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Last updateSat, 21 Jul 2018 12am







    Sunday, July 22, 2018-12:31:41A.M.






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ROP 22 prelims rival excitement of main card: Part 2

BEFORE the main card title matches and professional mixed martial arts bouts took place, Rites of Passage 22: Rampage attendees were treated to an undercard of equally exciting amateur MMA fights.

In the lone light heavyweight bout on last Friday’s event card, Steel Athletics rep Jaybo Frederick took out alternate fighter Alejandro “The Outlaw” Tebit of Ghasias Brothers Fight Club.

Trench Tech’s Andres “The Tanapag Beach Bad Boy” Camacho fires the fight-ending head kick that earned him his KO victory over Team Tinian’s Kimo Adriano at ROP 22.  Photo by Vicente “Ben” Salas IITrench Tech’s Andres “The Tanapag Beach Bad Boy” Camacho fires the fight-ending head kick that earned him his KO victory over Team Tinian’s Kimo Adriano at ROP 22. Photo by Vicente “Ben” Salas II

Though Frederick himself is still relatively green in the cage, he held a clear technical edge over Tebit based on training experience alone.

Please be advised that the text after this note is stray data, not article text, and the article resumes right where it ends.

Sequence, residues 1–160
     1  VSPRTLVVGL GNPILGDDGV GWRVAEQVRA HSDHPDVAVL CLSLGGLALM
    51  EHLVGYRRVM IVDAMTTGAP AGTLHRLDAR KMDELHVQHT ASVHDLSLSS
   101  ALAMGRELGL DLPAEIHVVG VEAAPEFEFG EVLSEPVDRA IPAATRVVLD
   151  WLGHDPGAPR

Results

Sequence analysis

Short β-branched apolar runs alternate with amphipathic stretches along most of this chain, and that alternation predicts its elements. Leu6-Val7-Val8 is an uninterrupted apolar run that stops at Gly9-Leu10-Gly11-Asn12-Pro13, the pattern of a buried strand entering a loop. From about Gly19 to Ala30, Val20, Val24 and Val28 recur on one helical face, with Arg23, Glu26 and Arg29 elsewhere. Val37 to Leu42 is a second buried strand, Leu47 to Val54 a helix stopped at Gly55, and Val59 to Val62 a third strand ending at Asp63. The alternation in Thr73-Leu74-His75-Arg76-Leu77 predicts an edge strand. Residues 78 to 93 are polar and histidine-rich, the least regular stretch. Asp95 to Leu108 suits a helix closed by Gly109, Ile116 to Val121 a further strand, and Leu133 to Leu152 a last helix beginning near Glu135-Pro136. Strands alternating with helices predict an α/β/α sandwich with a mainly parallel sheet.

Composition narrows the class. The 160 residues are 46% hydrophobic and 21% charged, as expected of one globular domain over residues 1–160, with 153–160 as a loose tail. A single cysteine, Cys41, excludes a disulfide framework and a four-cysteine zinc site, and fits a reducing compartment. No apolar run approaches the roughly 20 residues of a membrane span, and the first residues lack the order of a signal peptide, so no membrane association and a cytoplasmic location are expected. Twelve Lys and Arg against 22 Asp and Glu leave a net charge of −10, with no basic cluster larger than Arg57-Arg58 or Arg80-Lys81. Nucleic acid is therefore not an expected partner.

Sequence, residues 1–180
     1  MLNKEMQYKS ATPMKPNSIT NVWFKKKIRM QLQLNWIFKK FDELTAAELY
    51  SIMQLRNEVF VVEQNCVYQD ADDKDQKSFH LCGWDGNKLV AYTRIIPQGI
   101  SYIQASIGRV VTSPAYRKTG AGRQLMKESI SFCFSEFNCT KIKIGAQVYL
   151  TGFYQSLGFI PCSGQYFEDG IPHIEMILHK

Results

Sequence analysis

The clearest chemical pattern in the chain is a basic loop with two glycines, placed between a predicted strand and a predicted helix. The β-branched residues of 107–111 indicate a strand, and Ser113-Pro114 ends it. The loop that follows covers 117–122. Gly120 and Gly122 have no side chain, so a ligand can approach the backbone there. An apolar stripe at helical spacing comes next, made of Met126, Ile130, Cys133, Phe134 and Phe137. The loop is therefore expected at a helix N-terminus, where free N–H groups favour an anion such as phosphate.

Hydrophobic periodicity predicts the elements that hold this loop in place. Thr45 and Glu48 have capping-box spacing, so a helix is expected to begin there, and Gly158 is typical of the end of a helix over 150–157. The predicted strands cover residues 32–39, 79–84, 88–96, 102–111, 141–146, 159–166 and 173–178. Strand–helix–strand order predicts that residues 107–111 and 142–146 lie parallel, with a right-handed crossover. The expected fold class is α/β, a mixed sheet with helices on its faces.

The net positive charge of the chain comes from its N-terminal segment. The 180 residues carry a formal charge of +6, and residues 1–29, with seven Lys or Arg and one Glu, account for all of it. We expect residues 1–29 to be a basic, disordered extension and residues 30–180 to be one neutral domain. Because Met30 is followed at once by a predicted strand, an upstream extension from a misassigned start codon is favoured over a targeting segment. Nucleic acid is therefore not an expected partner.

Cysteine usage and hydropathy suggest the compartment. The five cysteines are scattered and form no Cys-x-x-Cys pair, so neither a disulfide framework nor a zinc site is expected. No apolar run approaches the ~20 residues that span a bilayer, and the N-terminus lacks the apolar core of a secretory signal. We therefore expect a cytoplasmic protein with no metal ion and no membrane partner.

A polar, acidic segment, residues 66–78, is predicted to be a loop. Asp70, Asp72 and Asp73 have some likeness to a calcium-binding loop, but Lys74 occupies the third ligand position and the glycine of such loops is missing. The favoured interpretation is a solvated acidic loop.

The two combatants spent the majority of the first minute or so feeling each other out and circling cautiously.

Frederick would occasionally feint or pump his jab, while Ghasias kept his power hand cocked back and loaded, possibly looking for the big haymaker.

Suddenly, Frederick let his hands go and began peppering Tebit with a flurry of punches.

Tebit backed away towards the cage and though he never went down; he wasn’t mounting any type of offense in return.

Frederick held his opponent in place and let loose with a final volley of unanswered punches until referee Mike Ulloa mercifully waved off the contest at2:30 of the first round.

In a 140-pound tilt, Team Tinian product Austin John King remained undefeated by submitting last minute replacement Akidon Norita by first round rear naked choke.

King was looking to follow up on the success of his amateur debut at ROP 21 where he scored a highlight reel knockout of John Mendiola.

Norita, for his part, was looking for his first win in the “eight sides.”

After a feeling out period on the feet, in which neither landed anything of great significance, the action went to the mat where King cinched the fight-ending RNC for the quick tap. The submission came at 1:44 of Round 1.

The aforesaid Mendiola, of Luta Top Team, redeemed his knockout loss at ROP 21 with a first round TKO of King’s teammate Juschery Castro in a 135-pound contest.

The bantamweights wasted little time engaging each other from the opening bell, but when things went to the canvas, it was clear Mendiola had an advantage.

It wasn’t long before Mendiola achieved mount and let his hands go, prompting referee Ulloa to intervene at 1:37 of Round 1.  

Naturally athletic featherweights Perry Mundo of Team Tinian and Luta Top Team’s LD Ogo were very evenly matched in a back-and-forth fight that could have gone either way.

Each fighter had his moments, both on the ground and standing, but it was the constant forward pressure and aggression of Mundo that seemed to sway the judges in the end.